custom write From creation onward, the people of God worshiped on the seventh day of the week. This was a “creation ordinance” that the Creator Himself established by His example, with the intent that His creatures would follow it.
He worked six days and called His image-bearers to work (Gen. 2:15); He rested on the seventh day (Gen. 2:2; Ex. 20:11; 31:17) and called His image-bearers to rest. He signified this with His benediction, setting apart the seventh day as “holy” (Gen. 2:3).
Later, when the Sabbath command was reiterated, we read: “In six days the LORD made heaven and earth, and on the seventh day he rested and was refreshed” (Ex. 31:17).
The word refreshed (Hebrew, naphash) is used only two other times in the Old Testament: once in reference to giving rest to animals, servants, and visitors within Israel (Ex. 23:12), and once in reference to David and his men (2 Sam. 16:14).
After God worked to make everything, it was as if His rest refreshed Him. Yet God’s rest and refreshment mean so much more; they have to do with His joy and satisfaction.
The psalmist writes, “May the LORD rejoice in his works” (Ps. 104:31). God’s rest and satisfaction was that of a King; having created the heavens and the earth to be His cosmic palace, He took His place on His throne, so to speak, on the seventh day.
After God brought His people out of Egypt and through the Red Sea, the Sabbath day took on even more significance as a covenant sign that God sanctified His people (Ex. 31:13). On that day, the saints celebrated the reality that God had created them and that their rest was rooted in His rest: “For in six days the LORD made heaven and earth, the sea, and all that is in them, and rested the seventh day” (Ex. 20:8-11).
As well, the Sabbath signified that God had redeemed His people (Deut. 5:12-15). Finally, the annual Day of Atonement fell on a Sabbath (Lev. 16:30-31), so the Sabbath also celebrated God’s forgiveness of His people.
Under the old covenant with Israel (Ex. 19; Heb. 8:6, 7, 13), the Sabbath day was extremely strict. Not only was no work to be done by the Israelites and their children, they also were to give rest to all in their households—servants, livestock, even sojourners (Ex. 20:10).
God even gave regulatory laws over what could and could not be done.
For example, if one even went out to gather sticks on the Sabbath in order to kindle a fire (Num. 15:32-36; Ex. 35:1-3), he was to be put to death (Ex. 31:14-15; 35:2). All this strictness was a part of the tutelage of the law, which was meant to lead Israel by the hand to Jesus Christ (Gal. 3:24), who is the final sacrifice ending the old covenant (Heb. 7:11-12, 18-19; 8:7, 13).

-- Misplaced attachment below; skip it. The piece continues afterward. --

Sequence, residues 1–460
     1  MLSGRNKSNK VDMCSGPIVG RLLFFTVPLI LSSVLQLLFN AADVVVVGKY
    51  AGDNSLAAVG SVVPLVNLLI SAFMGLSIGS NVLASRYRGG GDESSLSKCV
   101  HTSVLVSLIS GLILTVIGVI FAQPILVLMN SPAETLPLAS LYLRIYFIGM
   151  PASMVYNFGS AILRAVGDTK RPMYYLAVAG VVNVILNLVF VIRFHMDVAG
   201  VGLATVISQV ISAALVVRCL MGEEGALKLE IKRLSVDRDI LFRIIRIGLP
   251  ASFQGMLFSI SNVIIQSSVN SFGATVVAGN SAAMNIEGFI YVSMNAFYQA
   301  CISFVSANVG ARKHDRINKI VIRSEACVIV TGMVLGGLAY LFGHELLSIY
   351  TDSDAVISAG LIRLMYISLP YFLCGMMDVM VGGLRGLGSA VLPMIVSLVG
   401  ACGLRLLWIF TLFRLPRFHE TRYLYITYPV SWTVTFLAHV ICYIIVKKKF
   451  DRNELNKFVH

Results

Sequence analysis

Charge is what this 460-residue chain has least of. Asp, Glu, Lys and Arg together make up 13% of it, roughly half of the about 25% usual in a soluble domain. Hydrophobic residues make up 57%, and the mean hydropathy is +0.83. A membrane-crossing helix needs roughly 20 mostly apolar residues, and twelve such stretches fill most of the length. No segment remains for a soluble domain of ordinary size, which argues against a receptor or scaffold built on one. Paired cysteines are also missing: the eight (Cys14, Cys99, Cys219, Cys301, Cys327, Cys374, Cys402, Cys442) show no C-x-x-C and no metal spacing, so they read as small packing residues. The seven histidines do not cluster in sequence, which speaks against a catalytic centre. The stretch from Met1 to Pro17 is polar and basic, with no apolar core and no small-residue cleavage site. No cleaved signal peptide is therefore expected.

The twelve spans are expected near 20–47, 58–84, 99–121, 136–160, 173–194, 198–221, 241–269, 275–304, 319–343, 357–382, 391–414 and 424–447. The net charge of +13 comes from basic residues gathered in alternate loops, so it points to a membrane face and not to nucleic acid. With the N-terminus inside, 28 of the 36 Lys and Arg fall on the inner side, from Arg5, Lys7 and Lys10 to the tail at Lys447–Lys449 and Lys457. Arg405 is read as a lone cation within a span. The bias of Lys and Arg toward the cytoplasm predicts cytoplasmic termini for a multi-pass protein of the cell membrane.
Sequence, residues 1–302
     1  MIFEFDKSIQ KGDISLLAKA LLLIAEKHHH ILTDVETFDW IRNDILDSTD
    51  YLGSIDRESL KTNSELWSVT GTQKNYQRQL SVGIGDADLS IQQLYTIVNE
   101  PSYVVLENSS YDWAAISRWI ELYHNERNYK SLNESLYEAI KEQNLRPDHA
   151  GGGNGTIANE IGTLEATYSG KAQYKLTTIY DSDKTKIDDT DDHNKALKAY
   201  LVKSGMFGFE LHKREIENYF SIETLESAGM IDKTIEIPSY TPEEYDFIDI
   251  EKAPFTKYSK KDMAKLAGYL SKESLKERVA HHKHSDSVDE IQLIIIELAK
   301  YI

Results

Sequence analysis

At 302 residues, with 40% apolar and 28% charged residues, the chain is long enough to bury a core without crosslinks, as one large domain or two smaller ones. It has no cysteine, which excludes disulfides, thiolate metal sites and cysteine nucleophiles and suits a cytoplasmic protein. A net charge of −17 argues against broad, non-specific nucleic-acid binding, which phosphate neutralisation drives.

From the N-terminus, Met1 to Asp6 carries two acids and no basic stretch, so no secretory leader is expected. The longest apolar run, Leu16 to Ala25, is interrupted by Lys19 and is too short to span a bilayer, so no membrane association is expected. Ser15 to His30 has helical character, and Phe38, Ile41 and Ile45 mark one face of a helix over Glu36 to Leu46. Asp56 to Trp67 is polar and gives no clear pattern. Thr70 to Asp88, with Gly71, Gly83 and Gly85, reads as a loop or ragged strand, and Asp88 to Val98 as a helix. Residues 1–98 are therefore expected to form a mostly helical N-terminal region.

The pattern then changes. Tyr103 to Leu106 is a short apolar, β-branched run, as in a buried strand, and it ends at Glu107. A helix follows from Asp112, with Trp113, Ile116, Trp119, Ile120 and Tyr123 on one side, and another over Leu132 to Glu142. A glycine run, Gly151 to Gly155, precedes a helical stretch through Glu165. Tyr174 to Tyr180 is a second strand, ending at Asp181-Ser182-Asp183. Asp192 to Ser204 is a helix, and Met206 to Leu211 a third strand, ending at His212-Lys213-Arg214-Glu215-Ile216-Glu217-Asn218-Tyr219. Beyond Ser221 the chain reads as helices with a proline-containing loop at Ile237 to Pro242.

When Jesus rose from the dead on the first day of the week, things changed. Christ, the second Adam, “finished” (John 19:30) the work that the first Adam failed to do (Rom. 5:12-19).
Because of that pivotal event, the church determined that for Christians under the new covenant, the day of worship and celebration of the Lord’s grace in Jesus Christ was to be the first day of the week, Sunday: “From the beginning of the world to the resurrection of Christ, [the Sabbath] was the last day of the week; and, from the resurrection of Christ, was changed into the first day of the week, which, in Scripture, is called the Lord’s day, and is to be continued to the end of the world, as the Christian Sabbath” (WCF, 21:7).
On this day, we are reminded of and participate in the glorious reality that we have already entered God’s rest (Matt. 11:28; Heb. 4:10) and that we await the experience of the fullness of this rest in eternity in the new heavens and new earth (Rev. 21-22).
We now assemble corporately for worship and enjoy a foretaste of our eternal rest, then go out into the kingdom of this world to work for six days. So why do we worship on Sunday and not Saturday?
The first day of the week was the day on which our Lord rose from the dead (John 20:1; cf. Ps. 118:24).
The first day of the week is called “the Lord’s day” (Rev. 1:10; cf. 1 Cor. 16:2).
The first day was the day on which the Holy Spirit was poured out on the church (Acts 2:1-36).
Just as on the first day of creation God made light and separated it from the darkness, we gather on the first day of the week to celebrate the light of the gospel in Jesus Christ, who has separated us from the world of the darkness of sin (John 1:5, 9; 3:19; 8:12; 2 Cor. 4:1-6).
From creation until Christ, the people of God worked six days and then rested on the seventh day. This was a picture of their looking forward to eternal rest; the seventh day of creation was not structured with an “evening and morning” as the previous six days (Gen. 2:1-3), which signified that the seventh day had no end and was thus a foretaste of eternity itself.
On the other hand, from the work of Christ until the consummation, the people of God rest on the first day and work the next six, looking back on the finished work of Christ. Yet we too look forward to the full consummation of this rest.